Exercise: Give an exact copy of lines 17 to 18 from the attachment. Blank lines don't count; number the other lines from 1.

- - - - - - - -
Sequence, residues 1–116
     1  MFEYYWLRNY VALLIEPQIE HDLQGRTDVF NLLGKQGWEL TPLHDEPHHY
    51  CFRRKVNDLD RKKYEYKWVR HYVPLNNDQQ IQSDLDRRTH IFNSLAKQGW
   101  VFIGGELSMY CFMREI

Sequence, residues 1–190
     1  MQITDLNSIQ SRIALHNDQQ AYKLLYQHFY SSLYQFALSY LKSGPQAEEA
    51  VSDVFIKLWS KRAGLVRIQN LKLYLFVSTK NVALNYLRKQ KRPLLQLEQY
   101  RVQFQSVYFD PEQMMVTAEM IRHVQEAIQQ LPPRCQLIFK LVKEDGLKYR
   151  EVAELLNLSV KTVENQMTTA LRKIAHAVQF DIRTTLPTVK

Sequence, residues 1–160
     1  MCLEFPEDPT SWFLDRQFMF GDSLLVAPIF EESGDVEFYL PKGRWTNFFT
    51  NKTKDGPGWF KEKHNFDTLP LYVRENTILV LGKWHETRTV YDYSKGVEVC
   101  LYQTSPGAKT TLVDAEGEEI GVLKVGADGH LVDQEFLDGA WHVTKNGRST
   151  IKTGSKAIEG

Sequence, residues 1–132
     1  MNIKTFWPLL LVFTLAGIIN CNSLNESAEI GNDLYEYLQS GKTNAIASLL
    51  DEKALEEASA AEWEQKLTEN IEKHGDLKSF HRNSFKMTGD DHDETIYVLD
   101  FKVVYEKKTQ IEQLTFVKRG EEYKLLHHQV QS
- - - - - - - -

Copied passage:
    51  DEKALEEASA AEWEQKLTEN IEKHGDLKSF HRNSFKMTGD DHDETIYVLD
   101  FKVVYEKKTQ IEQLTFVKRG EEYKLLHHQV QS